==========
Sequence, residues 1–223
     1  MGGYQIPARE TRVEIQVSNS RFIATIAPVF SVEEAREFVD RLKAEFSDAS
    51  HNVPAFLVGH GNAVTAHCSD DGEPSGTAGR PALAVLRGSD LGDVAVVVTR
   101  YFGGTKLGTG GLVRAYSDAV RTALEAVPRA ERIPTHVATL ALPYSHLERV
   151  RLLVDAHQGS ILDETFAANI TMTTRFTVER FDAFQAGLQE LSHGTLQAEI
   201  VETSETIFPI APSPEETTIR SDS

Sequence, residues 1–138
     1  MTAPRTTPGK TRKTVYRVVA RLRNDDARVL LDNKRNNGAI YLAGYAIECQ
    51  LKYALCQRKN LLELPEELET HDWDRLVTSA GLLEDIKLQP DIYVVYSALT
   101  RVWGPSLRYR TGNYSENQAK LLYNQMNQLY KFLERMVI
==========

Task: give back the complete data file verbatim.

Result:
Sequence, residues 1–223
     1  MGGYQIPARE TRVEIQVSNS RFIATIAPVF SVEEAREFVD RLKAEFSDAS
    51  HNVPAFLVGH GNAVTAHCSD DGEPSGTAGR PALAVLRGSD LGDVAVVVTR
   101  YFGGTKLGTG GLVRAYSDAV RTALEAVPRA ERIPTHVATL ALPYSHLERV
   151  RLLVDAHQGS ILDETFAANI TMTTRFTVER FDAFQAGLQE LSHGTLQAEI
   201  VETSETIFPI APSPEETTIR SDS

Sequence, residues 1–138
     1  MTAPRTTPGK TRKTVYRVVA RLRNDDARVL LDNKRNNGAI YLAGYAIECQ
    51  LKYALCQRKN LLELPEELET HDWDRLVTSA GLLEDIKLQP DIYVVYSALT
   101  RVWGPSLRYR TGNYSENQAK LLYNQMNQLY KFLERMVI